Ballmer Lays Out Microsoft's Services Future
- By Thomas Temin
- Mar 30, 2001
The world's largest software vendor is becoming an application service provider, letting users in effect rent its applications.
"Software will all evolve to become a service," said Microsoft Corp. President Steve Ballmer this week during the company's annual Government Leaders Conference in Seattle. "In 10 years, will people buy software or use software services? Most will use software services, because it's more convenient," Ballmer said in an interview.
Company officials, starting with Chairman Bill Gates, used the gathering of 400 government information technology executives from 130 countries to tout Microsoft's .Net initiative. Under .Net, all Microsoft products will have extensible markup language embedded for greater scalability and interoperability.
Ballmer said the ASP model of software distribution "will not happen today, but when we do, we'll be on the .Net platform."
The ASP distribution method would be a good one for government agencies, Ballmer said. He envisions some software components residing in users' server or PC caches to better use local processing power, as opposed to a terminal architecture or a complete download every time an application is checked out.
And, he said, customers would pay a flat fee per month for software instead of per use.
Shorter term, Microsoft's next big releases will be the Windows XP successors to Windows 2000 and Windows 2000 Professional. According to Mark Croft, a product manager, XP will have greater backward compatibility with Windows 98 applications and hardware drivers than Windows 2000 has had. That, he said, should overcome the reluctance of many systems administrators to upgrade to Windows 2000.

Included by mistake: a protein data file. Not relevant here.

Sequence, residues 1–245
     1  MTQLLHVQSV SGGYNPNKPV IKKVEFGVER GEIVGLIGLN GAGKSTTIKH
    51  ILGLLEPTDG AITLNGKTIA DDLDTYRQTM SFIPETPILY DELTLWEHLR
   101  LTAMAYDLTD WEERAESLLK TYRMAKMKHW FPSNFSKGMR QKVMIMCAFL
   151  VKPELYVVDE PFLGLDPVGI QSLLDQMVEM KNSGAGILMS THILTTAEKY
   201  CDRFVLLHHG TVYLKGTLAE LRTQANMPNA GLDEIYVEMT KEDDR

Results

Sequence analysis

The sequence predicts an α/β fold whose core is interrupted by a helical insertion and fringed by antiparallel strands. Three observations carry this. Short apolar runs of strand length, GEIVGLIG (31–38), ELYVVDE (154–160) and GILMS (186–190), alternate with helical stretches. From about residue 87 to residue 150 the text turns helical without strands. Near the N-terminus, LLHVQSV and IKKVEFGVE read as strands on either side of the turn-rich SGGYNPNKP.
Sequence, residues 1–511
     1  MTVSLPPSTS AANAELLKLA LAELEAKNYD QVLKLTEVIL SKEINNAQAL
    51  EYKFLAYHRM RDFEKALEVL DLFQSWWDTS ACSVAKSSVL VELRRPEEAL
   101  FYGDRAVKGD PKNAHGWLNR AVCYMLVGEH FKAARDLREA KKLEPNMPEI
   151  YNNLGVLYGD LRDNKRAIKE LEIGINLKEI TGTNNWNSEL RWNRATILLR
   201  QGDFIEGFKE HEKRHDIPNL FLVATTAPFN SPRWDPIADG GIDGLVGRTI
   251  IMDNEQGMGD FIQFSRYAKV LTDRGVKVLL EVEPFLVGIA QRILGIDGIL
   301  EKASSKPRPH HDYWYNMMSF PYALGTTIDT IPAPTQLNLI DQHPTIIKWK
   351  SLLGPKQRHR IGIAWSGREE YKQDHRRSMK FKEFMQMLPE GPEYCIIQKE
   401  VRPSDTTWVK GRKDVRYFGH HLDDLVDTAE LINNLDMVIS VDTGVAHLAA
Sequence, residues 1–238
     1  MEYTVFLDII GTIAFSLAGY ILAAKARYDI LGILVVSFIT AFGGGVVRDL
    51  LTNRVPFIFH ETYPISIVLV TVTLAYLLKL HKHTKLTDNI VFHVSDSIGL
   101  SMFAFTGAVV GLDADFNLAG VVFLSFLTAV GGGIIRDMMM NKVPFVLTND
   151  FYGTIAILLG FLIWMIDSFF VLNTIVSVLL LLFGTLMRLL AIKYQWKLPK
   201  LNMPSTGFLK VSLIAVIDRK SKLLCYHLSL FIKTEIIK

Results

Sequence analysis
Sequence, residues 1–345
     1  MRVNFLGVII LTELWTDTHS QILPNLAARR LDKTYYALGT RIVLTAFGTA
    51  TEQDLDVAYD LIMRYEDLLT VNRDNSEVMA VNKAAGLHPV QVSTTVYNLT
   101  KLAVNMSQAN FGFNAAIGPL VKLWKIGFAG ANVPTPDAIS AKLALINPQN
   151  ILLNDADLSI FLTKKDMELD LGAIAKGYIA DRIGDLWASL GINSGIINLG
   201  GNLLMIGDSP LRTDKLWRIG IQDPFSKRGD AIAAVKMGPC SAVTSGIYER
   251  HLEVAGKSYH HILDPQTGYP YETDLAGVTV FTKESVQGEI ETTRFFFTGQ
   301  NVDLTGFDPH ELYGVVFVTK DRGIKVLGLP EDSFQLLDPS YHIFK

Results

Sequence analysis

Ballmer said the relatively slow adoption rate of Windows 2000 Professional was not related to a flattening in growth of PC shipments. "We could have done better. Our issue was proving the value of the professional product" vs. Win 98, he said.
Unless organizations have relatively new hardware, they may have no choice but to upgrade to Windows XP, Ballmer said. That's because Microsoft is testing the products, due out in the fourth quarter, only on PCs built this year with 64M of RAM.
"We tell people, if you have a machine from before Jan. 1, 2000, we're not targeting you," he said.
In other topics, Ballmer said:
*Microsoft will release a fully 64-bit version of Windows XP whenever Intel Corp. ships its Itanium processor. That version, he said, has a different instruction set from the 32-bit set of most PCs.
*The company's Hailstorm initiative, which will host a repository of customer information available to any subscribing Web service, would be useful to government because it doesn't require the Web site operator to issue cookies, something federal agencies are not allowed to do.
*Microsoft will try to include handheld devices using the Palm operating system in the wireless part of its .Net initiative, and not just Pocket PC devices. "We'll have discussions with Palm about whether there is a business model that makes sense for us and for them," Ballmer said.